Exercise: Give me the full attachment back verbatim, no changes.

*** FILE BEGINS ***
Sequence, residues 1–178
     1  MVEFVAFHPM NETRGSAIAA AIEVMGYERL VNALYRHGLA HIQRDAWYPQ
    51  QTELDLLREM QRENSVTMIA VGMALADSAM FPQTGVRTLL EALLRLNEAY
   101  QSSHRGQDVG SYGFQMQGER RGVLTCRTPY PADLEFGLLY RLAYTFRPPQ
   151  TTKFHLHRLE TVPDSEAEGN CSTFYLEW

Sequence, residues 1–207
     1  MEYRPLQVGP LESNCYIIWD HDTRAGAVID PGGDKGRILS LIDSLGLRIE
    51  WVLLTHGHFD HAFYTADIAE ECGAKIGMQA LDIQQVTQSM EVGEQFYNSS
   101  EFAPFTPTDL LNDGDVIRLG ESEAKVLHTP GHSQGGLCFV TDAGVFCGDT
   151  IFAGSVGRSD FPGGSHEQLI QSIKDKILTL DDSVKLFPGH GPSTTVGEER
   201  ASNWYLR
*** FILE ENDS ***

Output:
Sequence, residues 1–178
     1  MVEFVAFHPM NETRGSAIAA AIEVMGYERL VNALYRHGLA HIQRDAWYPQ
    51  QTELDLLREM QRENSVTMIA VGMALADSAM FPQTGVRTLL EALLRLNEAY
   101  QSSHRGQDVG SYGFQMQGER RGVLTCRTPY PADLEFGLLY RLAYTFRPPQ
   151  TTKFHLHRLE TVPDSEAEGN CSTFYLEW

Sequence, residues 1–207
     1  MEYRPLQVGP LESNCYIIWD HDTRAGAVID PGGDKGRILS LIDSLGLRIE
    51  WVLLTHGHFD HAFYTADIAE ECGAKIGMQA LDIQQVTQSM EVGEQFYNSS
   101  EFAPFTPTDL LNDGDVIRLG ESEAKVLHTP GHSQGGLCFV TDAGVFCGDT
   151  IFAGSVGRSD FPGGSHEQLI QSIKDKILTL DDSVKLFPGH GPSTTVGEER
   201  ASNWYLR